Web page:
I'm facing the following problem:
My program needs to perform some calculations that involve allocating big amounts of data. The calculations may last minutes. Upon performing calculations memory blocks are continually allocated->used->freed. (this cannot be changed)
I have found that when the program has had initialized some structures with data, the calculations speed drastically drops down. As I later found - more time was spent in GC compared to situation when these structures were not [fully] initialized. My assumption is that GC needs more time to traverse more complicated object graph when searching for objects that could be removed from managed heap.
In general, the calculations are running within a loop:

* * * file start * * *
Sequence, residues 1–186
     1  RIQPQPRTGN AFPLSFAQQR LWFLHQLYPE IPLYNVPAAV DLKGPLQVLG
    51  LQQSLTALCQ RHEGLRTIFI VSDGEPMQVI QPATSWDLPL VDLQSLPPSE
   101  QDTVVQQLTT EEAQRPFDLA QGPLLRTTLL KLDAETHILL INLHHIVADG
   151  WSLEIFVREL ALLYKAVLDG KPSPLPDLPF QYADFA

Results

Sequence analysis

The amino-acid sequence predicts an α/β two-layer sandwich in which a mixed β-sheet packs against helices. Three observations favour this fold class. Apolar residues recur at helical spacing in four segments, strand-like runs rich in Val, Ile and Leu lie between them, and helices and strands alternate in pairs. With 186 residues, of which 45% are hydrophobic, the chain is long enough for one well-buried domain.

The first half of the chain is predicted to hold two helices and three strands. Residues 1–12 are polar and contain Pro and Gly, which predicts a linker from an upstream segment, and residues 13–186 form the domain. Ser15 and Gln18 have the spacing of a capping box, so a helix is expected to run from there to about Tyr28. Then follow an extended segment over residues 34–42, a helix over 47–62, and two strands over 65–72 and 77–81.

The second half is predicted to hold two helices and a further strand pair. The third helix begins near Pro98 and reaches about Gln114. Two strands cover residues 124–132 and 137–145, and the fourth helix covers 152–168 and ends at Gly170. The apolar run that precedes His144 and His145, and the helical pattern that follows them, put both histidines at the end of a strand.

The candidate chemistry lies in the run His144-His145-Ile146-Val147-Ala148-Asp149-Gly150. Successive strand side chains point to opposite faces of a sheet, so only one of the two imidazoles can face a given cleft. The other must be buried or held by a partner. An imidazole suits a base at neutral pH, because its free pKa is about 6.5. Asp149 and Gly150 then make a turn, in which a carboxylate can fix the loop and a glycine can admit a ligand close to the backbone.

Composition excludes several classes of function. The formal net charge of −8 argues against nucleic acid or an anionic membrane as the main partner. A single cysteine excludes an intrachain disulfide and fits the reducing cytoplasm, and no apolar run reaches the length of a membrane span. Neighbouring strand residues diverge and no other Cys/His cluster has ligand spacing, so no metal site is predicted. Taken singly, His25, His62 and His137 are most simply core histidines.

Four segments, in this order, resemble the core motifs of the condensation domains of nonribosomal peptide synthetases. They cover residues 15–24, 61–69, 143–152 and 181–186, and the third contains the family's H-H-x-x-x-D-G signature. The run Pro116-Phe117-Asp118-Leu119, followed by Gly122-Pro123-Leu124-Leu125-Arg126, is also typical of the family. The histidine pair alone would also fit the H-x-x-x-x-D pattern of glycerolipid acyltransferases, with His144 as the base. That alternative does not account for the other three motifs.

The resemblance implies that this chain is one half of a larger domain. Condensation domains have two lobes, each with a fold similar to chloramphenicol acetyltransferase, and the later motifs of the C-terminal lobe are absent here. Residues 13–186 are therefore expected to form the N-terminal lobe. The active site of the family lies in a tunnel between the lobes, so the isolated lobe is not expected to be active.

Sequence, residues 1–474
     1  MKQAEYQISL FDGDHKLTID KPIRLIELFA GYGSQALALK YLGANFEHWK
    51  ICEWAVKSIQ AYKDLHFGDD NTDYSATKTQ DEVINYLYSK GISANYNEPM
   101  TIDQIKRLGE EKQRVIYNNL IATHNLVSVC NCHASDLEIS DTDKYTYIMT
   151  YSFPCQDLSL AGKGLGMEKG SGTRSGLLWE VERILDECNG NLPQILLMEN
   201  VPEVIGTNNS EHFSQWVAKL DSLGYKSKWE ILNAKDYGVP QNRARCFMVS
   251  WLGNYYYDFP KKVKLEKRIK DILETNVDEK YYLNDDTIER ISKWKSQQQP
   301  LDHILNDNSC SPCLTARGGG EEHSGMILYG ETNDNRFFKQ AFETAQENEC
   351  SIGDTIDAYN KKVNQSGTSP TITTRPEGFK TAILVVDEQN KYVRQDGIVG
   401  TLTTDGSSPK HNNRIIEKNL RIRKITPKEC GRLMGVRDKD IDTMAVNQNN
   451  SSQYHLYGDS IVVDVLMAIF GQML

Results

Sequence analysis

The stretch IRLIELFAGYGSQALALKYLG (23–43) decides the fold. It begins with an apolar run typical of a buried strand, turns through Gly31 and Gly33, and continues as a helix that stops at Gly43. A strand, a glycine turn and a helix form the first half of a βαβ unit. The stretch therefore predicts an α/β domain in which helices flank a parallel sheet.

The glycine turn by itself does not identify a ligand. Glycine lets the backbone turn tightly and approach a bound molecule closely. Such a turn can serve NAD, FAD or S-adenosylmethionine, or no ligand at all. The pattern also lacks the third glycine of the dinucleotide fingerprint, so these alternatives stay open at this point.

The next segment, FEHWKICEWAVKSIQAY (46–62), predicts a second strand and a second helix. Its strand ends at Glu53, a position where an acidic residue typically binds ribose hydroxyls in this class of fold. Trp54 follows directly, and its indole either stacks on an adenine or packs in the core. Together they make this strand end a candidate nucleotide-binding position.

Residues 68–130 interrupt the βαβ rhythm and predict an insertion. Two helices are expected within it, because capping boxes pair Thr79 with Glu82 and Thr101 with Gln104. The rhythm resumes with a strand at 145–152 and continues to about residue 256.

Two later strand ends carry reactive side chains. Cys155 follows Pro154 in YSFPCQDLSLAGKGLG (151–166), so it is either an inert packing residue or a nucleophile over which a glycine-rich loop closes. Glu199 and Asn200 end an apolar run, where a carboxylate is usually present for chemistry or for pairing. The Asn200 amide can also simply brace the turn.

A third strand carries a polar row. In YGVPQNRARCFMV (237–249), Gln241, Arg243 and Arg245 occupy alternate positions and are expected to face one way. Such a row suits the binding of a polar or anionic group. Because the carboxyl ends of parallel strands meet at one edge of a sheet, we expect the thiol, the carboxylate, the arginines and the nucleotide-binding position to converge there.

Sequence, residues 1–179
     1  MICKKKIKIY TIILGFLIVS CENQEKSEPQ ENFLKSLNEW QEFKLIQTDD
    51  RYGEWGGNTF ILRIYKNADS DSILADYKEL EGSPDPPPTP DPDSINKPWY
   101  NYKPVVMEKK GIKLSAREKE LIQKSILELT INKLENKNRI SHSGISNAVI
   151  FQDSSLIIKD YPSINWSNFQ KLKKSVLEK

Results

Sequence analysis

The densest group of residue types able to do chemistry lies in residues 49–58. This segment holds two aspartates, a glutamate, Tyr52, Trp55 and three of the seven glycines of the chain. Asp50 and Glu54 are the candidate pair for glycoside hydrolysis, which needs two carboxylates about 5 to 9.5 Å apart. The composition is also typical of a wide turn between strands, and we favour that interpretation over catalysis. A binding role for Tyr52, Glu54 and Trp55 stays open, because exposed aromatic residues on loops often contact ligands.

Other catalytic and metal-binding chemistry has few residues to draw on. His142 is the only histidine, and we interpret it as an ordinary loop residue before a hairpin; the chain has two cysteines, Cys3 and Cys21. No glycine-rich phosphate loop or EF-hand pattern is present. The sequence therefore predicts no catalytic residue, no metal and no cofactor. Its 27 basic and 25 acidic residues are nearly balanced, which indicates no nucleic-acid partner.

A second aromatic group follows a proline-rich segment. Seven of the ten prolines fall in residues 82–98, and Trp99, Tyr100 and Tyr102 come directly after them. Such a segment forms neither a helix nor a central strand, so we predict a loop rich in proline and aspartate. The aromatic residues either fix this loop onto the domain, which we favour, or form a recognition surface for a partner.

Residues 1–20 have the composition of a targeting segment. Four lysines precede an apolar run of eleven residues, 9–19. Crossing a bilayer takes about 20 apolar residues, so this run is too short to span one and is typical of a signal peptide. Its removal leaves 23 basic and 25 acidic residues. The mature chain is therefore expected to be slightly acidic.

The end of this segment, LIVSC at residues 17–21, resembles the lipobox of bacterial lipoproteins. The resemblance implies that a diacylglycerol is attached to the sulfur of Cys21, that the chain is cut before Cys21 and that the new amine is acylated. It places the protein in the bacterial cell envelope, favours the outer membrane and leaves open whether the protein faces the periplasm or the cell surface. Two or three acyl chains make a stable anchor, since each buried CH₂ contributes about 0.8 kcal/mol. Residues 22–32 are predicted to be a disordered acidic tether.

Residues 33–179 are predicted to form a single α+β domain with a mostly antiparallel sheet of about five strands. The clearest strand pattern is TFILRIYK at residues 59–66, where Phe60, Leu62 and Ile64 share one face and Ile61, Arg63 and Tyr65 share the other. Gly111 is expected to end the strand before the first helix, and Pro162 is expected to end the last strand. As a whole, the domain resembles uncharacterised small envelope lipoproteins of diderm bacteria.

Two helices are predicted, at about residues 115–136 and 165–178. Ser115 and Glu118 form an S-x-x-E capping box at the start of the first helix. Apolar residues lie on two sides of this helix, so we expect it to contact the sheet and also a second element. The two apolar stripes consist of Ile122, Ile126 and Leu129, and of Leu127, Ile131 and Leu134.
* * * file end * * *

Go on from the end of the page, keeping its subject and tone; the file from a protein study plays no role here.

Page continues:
//perform single calculation
Calculate call involves allocating [say] 50 MB on the heap, organized within some object hierarchy. When Calculate is run in a tight loop, it is imminent that memory is exhausted, and GC needs to be run to find free space. The problem is that when the mentioned structures are fully initialized - GC needs to spent a lot of time traversing that structures. This renders high percentages of time spent in GC and overall poor performance.
The question is:
Is it possible to give a hint to CLR memory manager
View Complete Post